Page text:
# 9.6 CardinalNumber¶

The CardinalNumber domain can be used for values indicating the cardinality of sets, both finite and infinite. For example, the dimensiondimensionVectorSpace operation in the category VectorSpace returns a cardinal number.

The non-negative integers have a natural construction as cardinals

```
0 = #{ }, 1 = {0}, 2 = {0, 1}, ..., n = {i | 0 <= i < n}.
```

The fact that 0 acts as a zero for the multiplication of cardinals is equivalent to the axiom of choice.

Cardinal numbers can be created by conversion from non-negative integers.

```
c0 := 0 :: CardinalNumber
```

0 |

_{Type: CardinalNumber}

```
c1 := 1 :: CardinalNumber
```

1 |

_{Type: CardinalNumber}

```
c2 := 2 :: CardinalNumber
```

2 |

_{Type: CardinalNumber}

```
c3 := 3 :: CardinalNumber
```

3 |

_{Type: CardinalNumber}

They can also be obtained as the named cardinal Aleph(n).

```
A0 := Aleph 0
```

Aleph(0) |

_{Type: CardinalNumber}

```
A1 := Aleph 1
```

Aleph(1) |

_{Type: CardinalNumber}

The finite?finite?CardinalNumber operation tests whether a value is a finite cardinal, that is, a non-negative integer.

```
finite? c2
```

true |

_{Type: Boolean}

```
finite? A0
```

false |

_{Type: Boolean}

Similarly, the countable?countable?CardinalNumber operation determines whether a value is a countable cardinal, that is, finite or Aleph(0).

```
countable? c2
```

true |

_{Type: Boolean}

```
countable? A0
```

true |

_{Type: Boolean}

```
countable? A1
```

false |

_{Type: Boolean}

Arithmetic operations are defined on cardinal numbers as follows: If x = #X and y = #Y then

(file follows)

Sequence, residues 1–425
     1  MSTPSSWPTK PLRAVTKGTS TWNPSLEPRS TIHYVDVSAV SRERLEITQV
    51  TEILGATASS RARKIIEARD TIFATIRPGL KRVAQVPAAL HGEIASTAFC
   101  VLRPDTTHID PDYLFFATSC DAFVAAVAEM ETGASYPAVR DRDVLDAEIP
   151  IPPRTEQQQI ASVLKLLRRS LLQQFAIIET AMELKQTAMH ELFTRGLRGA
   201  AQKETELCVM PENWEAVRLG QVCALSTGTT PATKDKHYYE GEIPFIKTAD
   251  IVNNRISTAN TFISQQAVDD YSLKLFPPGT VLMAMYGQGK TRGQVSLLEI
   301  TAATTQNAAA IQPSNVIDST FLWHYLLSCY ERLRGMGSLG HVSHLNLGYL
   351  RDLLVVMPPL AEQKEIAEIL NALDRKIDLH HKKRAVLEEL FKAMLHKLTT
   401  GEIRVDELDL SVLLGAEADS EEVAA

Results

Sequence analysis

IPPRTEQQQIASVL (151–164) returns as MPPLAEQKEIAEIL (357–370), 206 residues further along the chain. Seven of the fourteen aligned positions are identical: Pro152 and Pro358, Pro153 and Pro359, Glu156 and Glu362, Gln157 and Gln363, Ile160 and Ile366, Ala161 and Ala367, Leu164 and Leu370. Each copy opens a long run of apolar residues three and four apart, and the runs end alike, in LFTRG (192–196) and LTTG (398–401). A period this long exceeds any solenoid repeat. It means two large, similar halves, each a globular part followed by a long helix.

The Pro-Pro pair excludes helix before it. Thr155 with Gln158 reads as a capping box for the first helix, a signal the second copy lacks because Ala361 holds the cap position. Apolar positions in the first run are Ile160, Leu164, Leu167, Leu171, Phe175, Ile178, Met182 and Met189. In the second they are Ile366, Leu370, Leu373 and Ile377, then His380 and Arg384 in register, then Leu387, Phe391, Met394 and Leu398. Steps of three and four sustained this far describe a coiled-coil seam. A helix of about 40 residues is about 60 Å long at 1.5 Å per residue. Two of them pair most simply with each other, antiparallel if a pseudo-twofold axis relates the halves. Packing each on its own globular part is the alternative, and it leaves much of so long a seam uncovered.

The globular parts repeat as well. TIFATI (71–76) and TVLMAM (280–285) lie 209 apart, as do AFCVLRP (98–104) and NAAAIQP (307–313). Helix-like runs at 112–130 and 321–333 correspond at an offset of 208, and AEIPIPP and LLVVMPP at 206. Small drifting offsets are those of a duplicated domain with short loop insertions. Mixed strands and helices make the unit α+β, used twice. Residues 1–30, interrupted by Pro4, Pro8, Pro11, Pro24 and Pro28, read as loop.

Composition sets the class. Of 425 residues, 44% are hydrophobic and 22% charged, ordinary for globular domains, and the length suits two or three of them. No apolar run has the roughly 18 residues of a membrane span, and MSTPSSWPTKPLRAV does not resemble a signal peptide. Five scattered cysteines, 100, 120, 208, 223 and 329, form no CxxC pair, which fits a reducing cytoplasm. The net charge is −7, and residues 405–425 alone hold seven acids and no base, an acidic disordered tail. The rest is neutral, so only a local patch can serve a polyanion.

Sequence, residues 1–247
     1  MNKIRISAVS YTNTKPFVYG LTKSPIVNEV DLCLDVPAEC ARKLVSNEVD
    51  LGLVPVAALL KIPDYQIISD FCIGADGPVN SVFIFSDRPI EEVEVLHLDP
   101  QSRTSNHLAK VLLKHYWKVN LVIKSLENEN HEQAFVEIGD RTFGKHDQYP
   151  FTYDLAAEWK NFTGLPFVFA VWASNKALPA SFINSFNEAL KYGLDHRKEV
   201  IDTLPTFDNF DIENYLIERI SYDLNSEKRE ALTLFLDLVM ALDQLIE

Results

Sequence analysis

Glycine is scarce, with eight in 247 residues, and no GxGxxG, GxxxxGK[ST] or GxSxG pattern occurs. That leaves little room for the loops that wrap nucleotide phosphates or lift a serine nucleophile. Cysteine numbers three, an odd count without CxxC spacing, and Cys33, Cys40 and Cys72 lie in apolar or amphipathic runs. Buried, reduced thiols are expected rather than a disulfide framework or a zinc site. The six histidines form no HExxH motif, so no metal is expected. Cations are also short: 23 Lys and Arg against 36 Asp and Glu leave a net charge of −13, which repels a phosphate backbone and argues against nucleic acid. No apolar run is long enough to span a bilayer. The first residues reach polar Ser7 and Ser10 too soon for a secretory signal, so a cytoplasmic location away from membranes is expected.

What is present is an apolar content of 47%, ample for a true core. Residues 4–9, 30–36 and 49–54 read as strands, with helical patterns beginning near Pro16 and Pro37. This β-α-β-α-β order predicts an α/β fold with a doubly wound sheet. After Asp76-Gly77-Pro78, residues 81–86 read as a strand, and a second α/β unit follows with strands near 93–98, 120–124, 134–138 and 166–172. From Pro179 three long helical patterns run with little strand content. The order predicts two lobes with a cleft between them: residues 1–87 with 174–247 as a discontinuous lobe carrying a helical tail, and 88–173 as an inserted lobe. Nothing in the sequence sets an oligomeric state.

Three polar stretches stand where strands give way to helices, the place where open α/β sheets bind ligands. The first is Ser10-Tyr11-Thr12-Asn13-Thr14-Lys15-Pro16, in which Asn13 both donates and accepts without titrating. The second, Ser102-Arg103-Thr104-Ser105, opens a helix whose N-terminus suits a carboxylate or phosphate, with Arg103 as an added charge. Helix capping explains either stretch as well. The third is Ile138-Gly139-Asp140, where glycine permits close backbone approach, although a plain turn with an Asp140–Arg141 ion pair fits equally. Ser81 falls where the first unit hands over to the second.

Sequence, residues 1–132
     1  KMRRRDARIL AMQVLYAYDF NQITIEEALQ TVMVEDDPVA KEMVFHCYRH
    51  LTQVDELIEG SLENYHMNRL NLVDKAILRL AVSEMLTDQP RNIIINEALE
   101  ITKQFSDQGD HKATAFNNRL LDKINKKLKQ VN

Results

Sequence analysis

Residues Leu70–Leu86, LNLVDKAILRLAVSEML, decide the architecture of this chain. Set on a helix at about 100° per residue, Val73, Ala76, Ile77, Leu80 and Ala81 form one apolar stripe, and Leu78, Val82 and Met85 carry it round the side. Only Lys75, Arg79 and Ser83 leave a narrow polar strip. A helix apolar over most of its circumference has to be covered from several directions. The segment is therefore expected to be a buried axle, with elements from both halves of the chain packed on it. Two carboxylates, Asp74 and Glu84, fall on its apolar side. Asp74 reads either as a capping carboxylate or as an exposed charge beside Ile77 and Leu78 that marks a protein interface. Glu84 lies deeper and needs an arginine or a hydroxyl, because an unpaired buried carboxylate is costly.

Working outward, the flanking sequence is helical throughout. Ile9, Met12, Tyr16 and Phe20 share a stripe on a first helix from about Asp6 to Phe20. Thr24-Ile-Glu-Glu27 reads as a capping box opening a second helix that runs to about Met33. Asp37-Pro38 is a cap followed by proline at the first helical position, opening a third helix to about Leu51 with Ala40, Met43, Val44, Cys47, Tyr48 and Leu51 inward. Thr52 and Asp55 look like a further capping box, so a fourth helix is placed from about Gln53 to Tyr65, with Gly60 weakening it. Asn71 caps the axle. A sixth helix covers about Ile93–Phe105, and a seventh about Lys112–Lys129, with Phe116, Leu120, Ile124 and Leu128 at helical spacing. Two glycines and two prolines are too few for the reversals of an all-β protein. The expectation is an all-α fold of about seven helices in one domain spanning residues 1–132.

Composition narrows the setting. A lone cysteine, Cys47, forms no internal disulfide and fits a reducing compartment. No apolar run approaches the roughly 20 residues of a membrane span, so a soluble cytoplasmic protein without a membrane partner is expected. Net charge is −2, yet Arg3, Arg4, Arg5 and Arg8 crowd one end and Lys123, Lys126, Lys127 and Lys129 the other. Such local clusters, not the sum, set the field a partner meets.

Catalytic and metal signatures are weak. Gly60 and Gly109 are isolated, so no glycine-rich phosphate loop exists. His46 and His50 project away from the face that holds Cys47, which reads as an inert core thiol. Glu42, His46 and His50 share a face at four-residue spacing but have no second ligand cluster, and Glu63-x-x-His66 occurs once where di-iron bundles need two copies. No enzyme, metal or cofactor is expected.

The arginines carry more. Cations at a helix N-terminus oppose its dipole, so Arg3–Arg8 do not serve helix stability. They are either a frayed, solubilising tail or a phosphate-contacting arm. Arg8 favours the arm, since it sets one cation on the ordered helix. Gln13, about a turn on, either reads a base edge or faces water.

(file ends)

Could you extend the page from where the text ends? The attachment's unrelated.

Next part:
x+y= #(X+Y)cardinalityofthedisjointunionx-y= #(X-Y)cardinalityoftherelativecomplementx*y= #(X*Y)cardinalityoftheCartesianproductx^y= #(X^Y)cardinalityofthesetofmapsfromYtoX

Here are some arithmetic examples.

```
[c2 + c2, c2 + A1]
```

[4,Aleph(1)] |

_{Type: List CardinalNumber}

```
[c0*c2, c1*c2, c2*c2, c0*A1, c1*A1, c2*A1, A0*A1]
```

[0,2,4,0,Aleph(1),Aleph(1),Aleph(1)] |

_{Type: List CardinalNumber}

```
[c2^c0, c2^c1, c2^c2, A1^c0, A1^c1, A1^c2]
```

[1,2,4,1,Aleph(1),Aleph(1)] |

_{Type: List CardinalNumber}

Subtraction is a partial operation: it is not defined when subtracting a larger cardinal from a smaller one, nor when subtracting two equal infinite cardinals.

```
[c2-c1, c2-c2, c2-c3, A1-c2, A1-A0, A1-A1]
```

[1,0,”failed”,Aleph(1),Aleph(1),”failed”] |

_{Type: List Union(CardinalNumber,”failed”)}

The generalized continuum hypothesis asserts that

```
2^Aleph i = Aleph(i+1)
```

and is independent of the axioms of set theory. Goedel, The consistency of the continuum hypothesis, Ann. Math. Studies, Princeton Univ. Press, 1940.

The CardinalNumber domain provides an operation to assert whether the hypothesis is to be assumed.

```
generalizedContinuumHypothesisAssumed true
```

When the generalized continuum hypothesis is assumed, exponentiation to a transfinite power is allowed.

```
[c0^A0, c1^A0, c2^A0, A0^A0, A0^A1, A1^A0, A1^A1]
```

[0,1,Aleph(1),Aleph(1),Aleph(2),Aleph(1),Aleph(2)] |

_{Type: List CardinalNumber}

Three commonly encountered cardinal numbers are

a= #Zcountableinfinityc= #Rthecontinuumf= #{g|g:[0,1]->R}

In this domain, these values are obtained under the generalized continuum hypothesis in this way.

```
a := Aleph 0
```

Aleph(0) |

_{Type: CardinalNumber}

```
c := 2^a
```

Aleph(1) |

_{Type: CardinalNumber}

```
f := 2^c
```

Aleph(2) |

_{Type: CardinalNumber}